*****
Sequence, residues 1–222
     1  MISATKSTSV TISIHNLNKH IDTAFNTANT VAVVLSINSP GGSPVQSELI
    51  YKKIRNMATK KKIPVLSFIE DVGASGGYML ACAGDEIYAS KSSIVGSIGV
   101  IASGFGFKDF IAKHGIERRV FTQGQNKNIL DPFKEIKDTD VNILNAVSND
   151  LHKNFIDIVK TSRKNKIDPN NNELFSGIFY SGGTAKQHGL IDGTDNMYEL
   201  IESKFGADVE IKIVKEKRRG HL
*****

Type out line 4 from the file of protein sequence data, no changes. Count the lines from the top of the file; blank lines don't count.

   101  IASGFGFKDF IAKHGIERRV FTQGQNKNIL DPFKEIKDTD VNILNAVSND